- The Essential Military-to-Civilian Transition Resource

Publisher's Letter: Stand Out From The Crowd in 2010
by Bill Basnett, Publisher


Bill Basnett

Dear Readers,

Happy New Year… Are you ready for 2010? The majority of economic indicators show 2010 will be a much better year for job seekers. To take full advantage of the turning job market, you need to be prepared. What are you doing to set yourself apart from other job seekers? Standing out from the crowd can be accomplished, but it takes a strategic plan and an outstanding resume. Most of us start each New Year with a resolution; let’s start 2010 with the resolution to make sure that you, the military job seeker, “stand out in the crowd.”

Developing a job search timeline is unique to each individual. Many factors must be considered; however, let me address one specific area: geographic preference. The geographic preference of your job search will greatly affect your timeline. Many of you will be targeting a specific city, state, region or country as you begin your job search and timeline. The more specific or restrictive you are geographically, the more time you need to plan for your job search. I recommend a timeline of 6-8 months if you are targeting a specific city. Naturally, targeting a broader geographic region generally equates to a greater number of opportunities and a shorter timeline. If you are targeting a region, I recommend a 4-6 month timeline. Keep in mind that deploying internationally could include an additional 90 days of pre-deployment steps, such as passport and travel visa processing.

Once you have your job search timeline completed, the next step in “standing out in the crowd” is having an outstanding resume. For planning purposes, you should have your resume completed six months prior to your transition. Many resources are available for resume preparation. The TAP and ACAP offices on military installations are a valuable resource and are prepared to assist transitioning veterans. An outstanding resume is essential as it is the first contact between you, the job seeker, and an employer. Your resume creates the first impression, so it needs to be an impression that sets you apart from the crowd. Of course, there can be no spelling or grammatical errors. The key point, however, is a clear, concise, and understandable resume. We recommend a reverse chronological resume, with sections organizing your educational and professional experiences. Taking the time to create an outstanding resume is critical. With the trend toward online resume submission, your resume could be the only thing that helps you land an interview!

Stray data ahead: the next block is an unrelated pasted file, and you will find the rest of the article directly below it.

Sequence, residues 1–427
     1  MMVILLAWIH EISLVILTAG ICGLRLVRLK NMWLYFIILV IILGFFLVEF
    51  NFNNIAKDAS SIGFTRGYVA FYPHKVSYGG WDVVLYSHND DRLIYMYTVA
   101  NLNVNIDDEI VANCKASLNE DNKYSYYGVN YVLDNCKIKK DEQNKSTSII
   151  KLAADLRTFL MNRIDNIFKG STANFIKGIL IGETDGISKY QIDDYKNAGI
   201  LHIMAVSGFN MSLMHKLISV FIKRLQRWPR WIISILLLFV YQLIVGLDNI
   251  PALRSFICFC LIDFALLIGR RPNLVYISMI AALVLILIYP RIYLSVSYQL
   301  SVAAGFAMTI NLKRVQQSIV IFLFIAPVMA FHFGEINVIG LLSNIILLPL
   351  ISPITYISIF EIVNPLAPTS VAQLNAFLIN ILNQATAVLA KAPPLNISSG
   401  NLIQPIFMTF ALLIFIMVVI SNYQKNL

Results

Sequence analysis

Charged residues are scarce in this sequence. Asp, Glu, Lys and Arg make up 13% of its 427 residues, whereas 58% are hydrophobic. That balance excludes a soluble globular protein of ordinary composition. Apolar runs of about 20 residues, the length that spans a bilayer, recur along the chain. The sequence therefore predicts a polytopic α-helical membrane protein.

Developing your job search timeline and creating an outstanding resume for 2010 are two critical steps for standing out in the crowd of job seekers. Civilian Job News will continue to provide guidance and advice for the military job seeker throughout the year. I encourage all of you to make a 2010 New Year’s resolution to “stand out in the crowd.”

We want to hear from you. Please tell us about the issues and challenges you are facing in your transition or send us your success stories. We can be reached via e-mail at with your questions, comments, concerns, and story ideas. Civilian Job News will successfully meet its mission if you are all involved with us.

Bill Basnett is a graduate of the U.S.M.A. at West Point and former cavalry officer with the U.S. Army. He began his recruiting career with Bradley-Morris, Inc. in 1991 as the first candidate recruiter and regional operations manager. He has over 18 years in the recruiting industry, focusing on the hiring and placement of transitioning military and veterans. In December 2008, he was promoted to the position of vice president of


Return to January/February 2010 Issue